David Thompson's grilled sticky rice with banana paste

AT A GLANCE

  • Serves 4 - 6 people

"I love the comfort of this dish," says Thompson. "It's gently grilled until golden and toasty. The rice can be cooked and steeped in the sweetened coconut cream the day before. In Bangkok, this dish is often made with the leftover grains from mango and sticky rice. Bananas seem to work best with this, both as a purée and sliced. Wrap in the banana leaves and grill. Be careful not to cook over too high a heat or for too long or the rice can become tough. Use overripe bananas for this recipe - their pronounced sugar produces a luscious paste." Start this recipe a day ahead to soak the rice.

  • 4 banana leaves, at room temperature
  • 1 banana, sliced lengthways
  •  
  • Sticky rice
  • 220 gm (1 cup) white sticky rice, washed to remove excess starch (be careful not to break the grains), soaked overnight in 500 ml water
  • 4 pandan leaves (see note)
  • 250 ml (1 cup) thick, high-fat coconut cream, preferably Kara brand
  • 165 gm (¾ cup) caster sugar
  •  
  • Banana paste
  • 80 ml (⅓ cup) coconut cream (preferably Kara brand)
  • 60 gm light palm sugar, crushed
  • 120 gm (½ cup) puréed banana (2 small very ripe bananas)
  • Pinch of ground cloves
  • 1½ tbsp young coconut water
01   For sticky rice, rinse and drain rice and place in a steamer lined with a damp tea towel over a saucepan of boiling water so rice is slightly piled in the centre. Add 2 pandan leaves to the water to perfume the steam, then steam rice, covered, topping up boiling water as necessary, until rice is just tender (20-25 minutes; test grains from the centre for doneness). Meanwhile, stir coconut cream with sugar, 2 tsp sea salt flakes and remaining pandan leaves in a bowl until sugar dissolves (2-3 minutes). When rice is cooked, turn off the heat and add rice to coconut cream mixture. Stir to combine, then return to steamer, cover and stand over hot water until rice absorbs liquid and nearly holds its own shape (2-3 hours).
02   For banana paste, simmer coconut cream in a wok (ideally a brass one; see note) over medium heat until beginning to separate (2-3 minutes). Add palm sugar and a small pinch of salt, and stir to dissolve (30 seconds to 1 minute). Stir in banana purée and clove, then gradually add coconut water, and gently stir over low-medium heat until paste pulls away from sides of wok(12-15 minutes). Set aside to cool.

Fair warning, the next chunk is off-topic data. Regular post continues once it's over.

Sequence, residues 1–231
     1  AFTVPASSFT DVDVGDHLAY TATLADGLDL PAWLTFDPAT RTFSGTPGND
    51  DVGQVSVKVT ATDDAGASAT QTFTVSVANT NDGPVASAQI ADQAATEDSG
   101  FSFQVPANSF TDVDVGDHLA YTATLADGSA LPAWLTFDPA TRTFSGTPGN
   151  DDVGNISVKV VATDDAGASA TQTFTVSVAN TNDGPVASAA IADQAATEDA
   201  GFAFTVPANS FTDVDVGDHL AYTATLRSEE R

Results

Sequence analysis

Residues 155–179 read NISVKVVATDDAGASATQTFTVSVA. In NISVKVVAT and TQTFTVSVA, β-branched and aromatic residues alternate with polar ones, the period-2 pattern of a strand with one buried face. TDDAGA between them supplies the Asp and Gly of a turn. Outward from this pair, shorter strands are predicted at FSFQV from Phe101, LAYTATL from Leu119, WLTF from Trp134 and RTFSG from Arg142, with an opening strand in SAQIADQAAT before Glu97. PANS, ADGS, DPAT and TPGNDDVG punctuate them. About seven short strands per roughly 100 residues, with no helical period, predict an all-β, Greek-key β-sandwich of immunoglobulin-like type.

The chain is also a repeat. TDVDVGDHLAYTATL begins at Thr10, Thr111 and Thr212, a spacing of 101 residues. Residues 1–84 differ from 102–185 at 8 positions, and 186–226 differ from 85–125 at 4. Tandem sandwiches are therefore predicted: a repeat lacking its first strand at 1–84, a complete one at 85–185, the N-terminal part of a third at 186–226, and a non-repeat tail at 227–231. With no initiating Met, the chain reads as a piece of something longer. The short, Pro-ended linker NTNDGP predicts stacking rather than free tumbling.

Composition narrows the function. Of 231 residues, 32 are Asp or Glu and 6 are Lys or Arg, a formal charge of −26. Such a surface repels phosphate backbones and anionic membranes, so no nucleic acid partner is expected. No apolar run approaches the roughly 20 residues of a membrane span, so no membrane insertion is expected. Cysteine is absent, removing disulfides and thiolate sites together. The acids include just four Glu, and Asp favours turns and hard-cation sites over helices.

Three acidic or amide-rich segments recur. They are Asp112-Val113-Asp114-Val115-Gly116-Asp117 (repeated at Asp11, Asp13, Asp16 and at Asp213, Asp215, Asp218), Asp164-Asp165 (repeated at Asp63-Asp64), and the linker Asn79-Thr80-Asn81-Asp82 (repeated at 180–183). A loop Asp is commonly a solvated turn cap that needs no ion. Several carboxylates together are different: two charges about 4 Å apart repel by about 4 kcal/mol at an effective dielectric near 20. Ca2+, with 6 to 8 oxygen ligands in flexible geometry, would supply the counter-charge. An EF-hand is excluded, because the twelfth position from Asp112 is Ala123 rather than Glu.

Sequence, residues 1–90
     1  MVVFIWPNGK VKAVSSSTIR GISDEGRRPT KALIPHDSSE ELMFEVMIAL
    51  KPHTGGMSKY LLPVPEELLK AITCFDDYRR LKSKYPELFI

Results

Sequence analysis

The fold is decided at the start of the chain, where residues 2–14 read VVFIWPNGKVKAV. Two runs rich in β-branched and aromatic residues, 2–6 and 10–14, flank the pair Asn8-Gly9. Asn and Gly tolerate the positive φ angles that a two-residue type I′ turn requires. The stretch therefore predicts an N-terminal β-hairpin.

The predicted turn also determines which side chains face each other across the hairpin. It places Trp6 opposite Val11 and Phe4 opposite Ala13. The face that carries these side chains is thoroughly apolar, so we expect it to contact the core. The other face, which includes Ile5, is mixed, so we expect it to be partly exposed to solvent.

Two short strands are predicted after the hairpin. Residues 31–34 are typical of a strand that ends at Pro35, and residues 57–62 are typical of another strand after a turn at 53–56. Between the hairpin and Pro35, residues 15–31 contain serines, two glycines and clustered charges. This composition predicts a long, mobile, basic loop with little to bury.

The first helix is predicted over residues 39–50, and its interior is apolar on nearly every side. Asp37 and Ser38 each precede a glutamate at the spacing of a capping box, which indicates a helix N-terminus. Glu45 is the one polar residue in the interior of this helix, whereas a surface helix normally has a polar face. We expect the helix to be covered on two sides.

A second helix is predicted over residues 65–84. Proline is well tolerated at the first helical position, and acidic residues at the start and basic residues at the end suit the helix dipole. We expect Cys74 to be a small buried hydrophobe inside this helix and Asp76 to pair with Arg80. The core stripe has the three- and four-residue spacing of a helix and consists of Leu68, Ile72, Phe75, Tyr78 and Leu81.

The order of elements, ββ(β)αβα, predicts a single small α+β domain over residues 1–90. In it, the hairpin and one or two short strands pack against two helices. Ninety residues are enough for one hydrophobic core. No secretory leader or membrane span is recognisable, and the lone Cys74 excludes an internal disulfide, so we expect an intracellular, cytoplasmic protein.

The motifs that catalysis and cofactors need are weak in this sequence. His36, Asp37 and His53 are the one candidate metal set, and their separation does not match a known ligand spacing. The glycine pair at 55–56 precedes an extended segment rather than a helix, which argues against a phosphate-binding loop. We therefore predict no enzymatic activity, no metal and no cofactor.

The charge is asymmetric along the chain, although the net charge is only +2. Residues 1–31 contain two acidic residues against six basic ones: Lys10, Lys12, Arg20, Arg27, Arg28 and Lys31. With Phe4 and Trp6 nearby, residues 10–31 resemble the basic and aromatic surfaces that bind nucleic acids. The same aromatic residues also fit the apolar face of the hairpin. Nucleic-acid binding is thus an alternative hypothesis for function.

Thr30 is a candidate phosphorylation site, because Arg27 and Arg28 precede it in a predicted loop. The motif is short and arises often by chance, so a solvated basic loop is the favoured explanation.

03   Heat a charcoal barbecue and burn down to embers, or heat a char-grill pan to low heat, then heat banana leaves over grill or flame until soft and glossy (10-20 seconds). Trim hard edges and discard yellowed parts, then cut 2 leaves into 6 pieces about 20cm x 25cm, and the remaining 2 into 6 pieces about 14cm x 20cm. Wipe pieces on both sides with a clean damp cloth, then place large pieces shiny sides down on a work surface. Place small pieces shiny sides up on top, then spoon 2 heaped tablespoonfuls of sticky rice onto small pieces of banana leaf. Spoon over 2 tsp banana paste, then top with a sliver or two of banana, then spoon another tablespoonful of sticky rice on top. Fold edges of banana leaves inwards to enclose and secure parcels with toothpicks. Grill, turning once, over low heat until fragrant and toasty with strong char-grill marks on the outside (15-20 minutes). Serve warm.
NotePandan leaves are available from Asian grocers. A non-stick or stainless-steel wok is also fine, but avoid using a pressed-steel wok – it will impart a metallic flavour.

Topics:

PALM SUGAR, DAVID THOMPSON, DESSERT, BANANA, PANDAN, COCONUT CREAM, BANANA, RICE, THAI, CHEFS' RECIPES, RICE

Recipe:

DAVID THOMPSON

Photography:

BEN DEARNLEY

Styling:

GERALDINE MUÑOZ

Drinking Suggestion:

MOSCATO D’ASTI , suggested by GREG PLOWES

FEATURED IN

Sep 2016

Sep 2016

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